Psst. Do you want to hear the biggest trade secret of all time? You can't share it with anyone. If I tell you, you are sworn to secrecy. Other designers will ask. Don't tell them. This is just for you. I'm going to give you the Super Secret Magic Pricing Model. MPM for short.
I'm sure you know the Magic Pricing Model I'm talking about. The one where clients readily accept your fees and buy all the product you select without question. It is the one where your bills and invoices are always paid on time. The one where you make a ton of money easily. It is the one that is so easy you never have to have an uncomfortable conversation about money with clients. The MPM is the one that you make the most amount of money with the least amount of effort. I know you want it. Everyone wants it.
Pricing is the hottest topic in running a design business and in my coaching sessions. So here is the secret of the Super Secret Magic Pricing Model: it doesn't exist. Every designer, really every designer, deals with clients questioning pricing and fees. Every designer has past-due invoices and uncomfortable conversations about money at some time.
Here is why I know that there is no magic pricing model. I've talked to hundreds of designers, I've researched celebrity designers, and been to many talks given by big designers (where inevitably someone searching for MPM asks how they charge). The one thing that the successful designers have in common, is not a MPM, it is confidence in their pricing, even an unapologetic: I'm worth it. This is how I charge, take it or leave it. It's also about working with your ideal clients, but that's another post.
Okay, so now that we've learned that there is no magic pricing model, let's talk about pricing mistakes you may be doing right now.
1. Thinking that MPM exists.
Searching for the Super Secret Magic Pricing Model is taking focus and effort away from you finding your own magic pricing model. All that time you're looking for the MPM you could be investing in creating and honing your own model that works for your unique business and clients.
2. Lacking Confidence.
It's scary running your own business. Starting something new can be intimidating. You're not alone. I regularly hear from participants of The Golden Blueprint that they're surprised that their struggles are the same struggles as other designers. Every successful designer has been there and they didn't get there by hemming and hawing about every business decision, about their pricing model, and about if they were doing it right. No, successful designers realize that they are the CEO of their business and run their business with confidence (or at least faked it until they made it). If you're not confident in your business, your clients won't be either. Read 5 Habits of Successful Interior Designers.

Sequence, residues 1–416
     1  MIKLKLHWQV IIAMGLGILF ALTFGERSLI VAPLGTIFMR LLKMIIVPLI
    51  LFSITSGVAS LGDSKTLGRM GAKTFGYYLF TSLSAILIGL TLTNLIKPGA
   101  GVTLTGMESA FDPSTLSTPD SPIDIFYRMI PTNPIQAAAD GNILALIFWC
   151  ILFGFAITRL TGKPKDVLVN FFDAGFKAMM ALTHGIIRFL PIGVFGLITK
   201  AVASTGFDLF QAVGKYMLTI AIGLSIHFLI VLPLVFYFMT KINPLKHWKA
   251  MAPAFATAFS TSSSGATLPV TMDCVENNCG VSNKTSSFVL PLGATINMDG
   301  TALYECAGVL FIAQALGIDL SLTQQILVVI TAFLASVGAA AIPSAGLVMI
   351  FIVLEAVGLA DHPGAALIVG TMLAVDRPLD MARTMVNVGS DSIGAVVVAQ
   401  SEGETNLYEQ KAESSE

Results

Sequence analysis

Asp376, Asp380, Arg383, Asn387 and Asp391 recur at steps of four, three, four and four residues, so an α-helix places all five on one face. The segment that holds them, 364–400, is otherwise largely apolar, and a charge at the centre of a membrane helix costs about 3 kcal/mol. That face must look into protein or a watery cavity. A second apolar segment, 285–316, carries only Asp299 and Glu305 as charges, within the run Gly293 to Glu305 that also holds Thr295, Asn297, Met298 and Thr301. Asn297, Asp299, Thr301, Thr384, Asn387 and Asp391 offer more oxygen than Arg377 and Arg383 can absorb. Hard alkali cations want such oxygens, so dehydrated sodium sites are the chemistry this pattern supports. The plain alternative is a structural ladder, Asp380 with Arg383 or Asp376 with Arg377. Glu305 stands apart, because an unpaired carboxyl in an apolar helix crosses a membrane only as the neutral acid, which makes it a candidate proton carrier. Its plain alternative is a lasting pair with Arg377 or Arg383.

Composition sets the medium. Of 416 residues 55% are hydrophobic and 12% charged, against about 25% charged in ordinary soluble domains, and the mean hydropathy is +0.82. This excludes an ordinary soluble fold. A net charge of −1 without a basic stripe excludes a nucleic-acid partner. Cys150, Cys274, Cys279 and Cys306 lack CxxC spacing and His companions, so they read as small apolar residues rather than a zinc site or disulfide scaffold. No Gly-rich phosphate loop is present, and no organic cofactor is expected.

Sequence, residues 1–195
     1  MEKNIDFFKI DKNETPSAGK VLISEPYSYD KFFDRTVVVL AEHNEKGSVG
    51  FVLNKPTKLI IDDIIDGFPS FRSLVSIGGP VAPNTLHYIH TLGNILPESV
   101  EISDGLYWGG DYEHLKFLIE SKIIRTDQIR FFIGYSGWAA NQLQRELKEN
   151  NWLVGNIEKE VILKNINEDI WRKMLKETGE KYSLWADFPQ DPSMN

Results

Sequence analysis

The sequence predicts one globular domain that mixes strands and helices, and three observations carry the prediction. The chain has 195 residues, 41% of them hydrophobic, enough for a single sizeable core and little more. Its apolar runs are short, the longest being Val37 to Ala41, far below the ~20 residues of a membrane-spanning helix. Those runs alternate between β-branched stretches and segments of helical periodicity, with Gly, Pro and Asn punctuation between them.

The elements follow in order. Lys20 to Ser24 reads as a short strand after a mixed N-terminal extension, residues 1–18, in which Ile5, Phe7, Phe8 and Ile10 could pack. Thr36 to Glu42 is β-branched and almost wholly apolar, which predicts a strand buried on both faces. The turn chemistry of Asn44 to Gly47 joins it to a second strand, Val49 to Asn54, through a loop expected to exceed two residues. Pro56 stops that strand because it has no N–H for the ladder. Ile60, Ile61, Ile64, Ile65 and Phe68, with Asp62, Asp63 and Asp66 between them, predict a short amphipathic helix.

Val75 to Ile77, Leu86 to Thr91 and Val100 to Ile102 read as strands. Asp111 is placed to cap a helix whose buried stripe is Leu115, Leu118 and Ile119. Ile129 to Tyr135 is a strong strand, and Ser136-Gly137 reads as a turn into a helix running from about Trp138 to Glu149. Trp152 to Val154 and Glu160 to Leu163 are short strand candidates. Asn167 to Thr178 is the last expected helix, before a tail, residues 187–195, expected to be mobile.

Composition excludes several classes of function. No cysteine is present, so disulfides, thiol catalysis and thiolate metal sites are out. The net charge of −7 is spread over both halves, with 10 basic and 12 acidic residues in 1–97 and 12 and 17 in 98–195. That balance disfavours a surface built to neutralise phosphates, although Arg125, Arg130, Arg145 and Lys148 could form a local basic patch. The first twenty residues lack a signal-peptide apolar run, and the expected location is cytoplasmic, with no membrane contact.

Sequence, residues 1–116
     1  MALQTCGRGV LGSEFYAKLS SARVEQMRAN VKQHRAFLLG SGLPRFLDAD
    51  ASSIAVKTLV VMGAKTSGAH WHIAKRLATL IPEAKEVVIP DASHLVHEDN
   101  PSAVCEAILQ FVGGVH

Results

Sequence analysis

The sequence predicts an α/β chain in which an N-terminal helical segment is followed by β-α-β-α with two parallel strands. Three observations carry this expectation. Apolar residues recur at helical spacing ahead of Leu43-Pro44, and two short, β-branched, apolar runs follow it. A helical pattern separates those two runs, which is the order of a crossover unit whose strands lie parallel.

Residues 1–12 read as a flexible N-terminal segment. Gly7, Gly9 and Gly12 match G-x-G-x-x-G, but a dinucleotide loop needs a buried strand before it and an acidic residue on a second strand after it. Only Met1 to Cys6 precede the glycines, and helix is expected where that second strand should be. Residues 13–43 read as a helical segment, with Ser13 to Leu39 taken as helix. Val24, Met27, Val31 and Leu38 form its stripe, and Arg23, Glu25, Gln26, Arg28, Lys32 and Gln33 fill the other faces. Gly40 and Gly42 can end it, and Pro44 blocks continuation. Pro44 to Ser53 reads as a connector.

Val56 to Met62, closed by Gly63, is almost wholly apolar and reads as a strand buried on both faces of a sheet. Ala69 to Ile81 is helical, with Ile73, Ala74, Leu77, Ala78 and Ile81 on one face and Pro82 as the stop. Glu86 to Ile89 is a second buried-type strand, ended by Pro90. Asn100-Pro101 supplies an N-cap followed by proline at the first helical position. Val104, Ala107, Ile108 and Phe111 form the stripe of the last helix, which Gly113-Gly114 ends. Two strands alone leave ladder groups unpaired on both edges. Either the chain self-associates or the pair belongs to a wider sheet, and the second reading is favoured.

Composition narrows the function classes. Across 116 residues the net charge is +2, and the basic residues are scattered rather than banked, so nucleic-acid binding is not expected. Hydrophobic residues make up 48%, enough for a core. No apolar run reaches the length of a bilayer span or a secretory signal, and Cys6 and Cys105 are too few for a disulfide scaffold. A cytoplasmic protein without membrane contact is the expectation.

3. Giving Discounts
Discounts undervalue your service. Discounts set a precedent for future lower prices. Discounts show you have a lack of confidence in your service. Whether you agree at the beginning to lower your markup or charge less per hour or if during the project you don't charge for all those hours you spend on the project, you are losing money. If you don't charge for 1 hour a week, you could miss out on $5000 a year (charging $100/hr). Not charging for 1 hour a day and you could be missing out on $25,000 a year! Read the entire article on Why Discounts are Hurting Business.
4. Hiding your pricing.
Secrecy hurts the design business. Designers already have a reputation for deception and with our complicated pricing models the only way to overcome this is by radical transparency. I believe that you should let your client's know what you pay. This isn't a popular practice in the interior design industry (yet), but check it out and see if it doesn't feel as if a weight has been lifted once you're transparent about your pricing.
5. Not knowing your numbers.
It is important when you are running a business to know your bottom line. I mean that you know the minimum that you need to make to survive and how much you need to work to get there. If your business overhead and salary need to be at $100,000 and you need to do 10 projects each with $10,000 design fees. Or you need to charge $120/hr and work 834 billable hours a year which amounts to about 17 billable hours a week. That seems doable, right? Other important numbers to know are how many hours you are not billing, billable hours, accounts billable, accounts receivable, monthly/yearly overhead, net income, total revenue, sales. Most of these numbers can be found on your balance sheet & income statement. Which means that you need a proper accounting program.